Sea level rise impacts Hampton Roads: What does this mean for Norfolk?


Courtesy of Mrs. Robb

Gabby Allen and Calie Quinn, Managing Editor and Editor-in-Chief

The phrase “tidal flooding” makes residents in Norfolk cringe. Between neighborhoods in Ghent, residents in Larchmont, or the Hague, Norfolk flood during minimal rainfall or even just a high tide, such as the November 5th “King Tide.”
According to numerous studies by the Board of Concerned Scientists, the land around Norfolk is sinking. This rapid sinking is due to adjustments in the earth’s crust as a response to the melting of glaciers. According to U.S. Geological Survey, sea level rise is occurring at twice the global average in Norfolk, which is the highest rate along the Atlantic coast.
“The average temperature of the earth as a whole is increasing,” said AP Environmental teacher, Dr. Thomson, “but some of the areas of the Earth are getting colder.” Though the bigger picture, concerning the increasing temperature of the Earth, may be cloudy, the pressing issue for Norfolk residents has become an everyday issue.
Aggressive sea level rise doesn’t just affect Norfolk residents, but also the Naval bases that are located across the area. Besides being well known for its unfortunate flooding problem, Norfolk is also known to be home to the largest Naval operation in the world. In the last couple of decades, the Naval bases have had to build two levels to their docks due to the rising sea levels. If that wasn’t worrisome enough, according to the Board of Concerned Scientist, water has risen one and a half feet since the 1920’s. While the Navy is showing obvious concern over sea level rise, so too is the local government.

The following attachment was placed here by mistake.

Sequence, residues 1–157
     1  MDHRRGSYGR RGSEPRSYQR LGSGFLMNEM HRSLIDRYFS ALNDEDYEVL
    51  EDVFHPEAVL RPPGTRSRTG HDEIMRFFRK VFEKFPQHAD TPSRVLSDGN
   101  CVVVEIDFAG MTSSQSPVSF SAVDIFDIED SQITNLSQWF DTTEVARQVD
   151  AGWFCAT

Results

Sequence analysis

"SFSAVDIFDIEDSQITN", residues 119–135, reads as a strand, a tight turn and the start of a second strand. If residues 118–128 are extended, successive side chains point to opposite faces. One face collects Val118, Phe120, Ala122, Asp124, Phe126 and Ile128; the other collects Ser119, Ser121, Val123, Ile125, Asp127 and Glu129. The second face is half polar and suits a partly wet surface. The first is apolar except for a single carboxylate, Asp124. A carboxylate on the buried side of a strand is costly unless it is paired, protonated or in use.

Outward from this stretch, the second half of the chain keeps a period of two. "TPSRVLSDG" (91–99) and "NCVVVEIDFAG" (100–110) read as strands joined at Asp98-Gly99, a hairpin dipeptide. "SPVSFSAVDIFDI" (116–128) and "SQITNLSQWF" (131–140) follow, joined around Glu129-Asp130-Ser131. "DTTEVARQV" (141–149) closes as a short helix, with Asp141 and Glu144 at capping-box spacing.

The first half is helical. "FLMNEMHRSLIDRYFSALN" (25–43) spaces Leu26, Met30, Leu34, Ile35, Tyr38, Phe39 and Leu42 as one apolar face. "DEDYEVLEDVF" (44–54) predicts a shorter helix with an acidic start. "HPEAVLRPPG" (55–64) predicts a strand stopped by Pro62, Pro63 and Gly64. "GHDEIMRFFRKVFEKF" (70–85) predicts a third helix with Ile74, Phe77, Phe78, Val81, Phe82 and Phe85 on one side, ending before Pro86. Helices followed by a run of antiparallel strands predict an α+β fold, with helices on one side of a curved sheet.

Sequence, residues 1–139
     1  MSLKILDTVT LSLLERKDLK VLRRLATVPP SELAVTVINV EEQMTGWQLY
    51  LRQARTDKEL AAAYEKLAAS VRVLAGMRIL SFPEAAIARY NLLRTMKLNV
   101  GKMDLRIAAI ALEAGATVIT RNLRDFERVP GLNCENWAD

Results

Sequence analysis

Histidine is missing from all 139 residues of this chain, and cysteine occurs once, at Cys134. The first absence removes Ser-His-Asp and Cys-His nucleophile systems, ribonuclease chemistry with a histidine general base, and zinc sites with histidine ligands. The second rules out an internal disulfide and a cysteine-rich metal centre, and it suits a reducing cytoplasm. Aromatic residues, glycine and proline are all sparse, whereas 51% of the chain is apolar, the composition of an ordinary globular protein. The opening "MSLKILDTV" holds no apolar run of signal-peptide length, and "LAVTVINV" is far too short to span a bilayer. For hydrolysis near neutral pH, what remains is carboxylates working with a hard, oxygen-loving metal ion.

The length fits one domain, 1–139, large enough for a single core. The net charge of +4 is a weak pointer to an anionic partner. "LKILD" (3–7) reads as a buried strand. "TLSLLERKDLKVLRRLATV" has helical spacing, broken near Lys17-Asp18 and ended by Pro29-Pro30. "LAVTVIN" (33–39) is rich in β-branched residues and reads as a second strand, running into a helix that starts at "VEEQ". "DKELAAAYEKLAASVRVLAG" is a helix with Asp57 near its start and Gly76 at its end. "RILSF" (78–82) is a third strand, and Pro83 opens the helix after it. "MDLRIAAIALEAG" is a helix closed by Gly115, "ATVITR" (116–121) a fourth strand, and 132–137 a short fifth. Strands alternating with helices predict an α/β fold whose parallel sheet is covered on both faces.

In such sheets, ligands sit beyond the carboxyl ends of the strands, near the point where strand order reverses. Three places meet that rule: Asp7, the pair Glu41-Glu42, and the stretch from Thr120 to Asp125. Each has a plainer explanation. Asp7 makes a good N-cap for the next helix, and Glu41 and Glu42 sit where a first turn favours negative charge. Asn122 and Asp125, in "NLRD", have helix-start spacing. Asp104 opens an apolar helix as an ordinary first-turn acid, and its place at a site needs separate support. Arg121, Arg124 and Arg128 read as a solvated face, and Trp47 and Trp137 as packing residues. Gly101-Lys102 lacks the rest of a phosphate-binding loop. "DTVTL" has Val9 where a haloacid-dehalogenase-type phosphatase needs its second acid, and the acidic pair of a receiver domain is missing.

“We’re 400 years old and have survived wars, a plague, hurricanes, and social upheaval. Each time we come back stronger than before. We recognize the challenges we face and we are addressing them head-on through our resilience strategy,” said Lori Crouch, the Corporate Communications Director of the City of Norfolk.
With water levels rising, and dismal flooding that makes living in Norfolk a challenge, city officials have taken all of these factors into account. Such officials have already started coming up with proactive ideas that could potentially mend Norfolk’s water control problem.
Though a serious issue, Norfolk is not without a few plans for the future. “The first goal is to design the coastal community of the future,” said Crouch. In 2015, Norfolk hosted the Dutch Dialogues – a workshop that brought together a variety of water management experts from other states and countries to discuss ideas and solutions for the future – which set some of these plans in motion. Representatives have already come forth to develop innovative ideas for “living with water.”
The plan, “living with water,” explained Crouch, “…was a departure from the past where [officials] looked to keep the water out.” Realizing that Norfolk is a port city and water is inevitable, ideas were changed and new goals were set. Now the city is looking for ways to hold water, not keep it out.
The city and residents in the Hampton Roads area recognize the issue of rising tides, which is why partners in the private and public sectors are encouraged to contribute their own ideas. The King Tide, for example, created a massive group effort in which over 500 Hampton Roads residents tracked astronomical tide, according to an article by the Virginian-Pilot. The event was likewise called “Catch the King.”
“The issue of sea level rise is a complex one and the average citizen may not think she can make a difference as an individual. The Catch The King event changed that: by making the Sea Level Rise app available to anyone with a smart phone, Wetlands Watch created a fleet of citizen scientists eager to do their part and help map the tide in their neighborhood,” said Technology Innovation Specialist Mrs. King who mapped the tide in her neighborhood.
Sea level rise isn’t just relevant to the environment; in fact, its impact influences many other aspects of our community. “We believe sea-level rise gives us an opportunity for innovation and economic diversity,” said Crouch.
Though still a topic of controversy, the direness of sea level rise in Norfolk has spurred many to unite and formulate new ideas to help save the sinking city.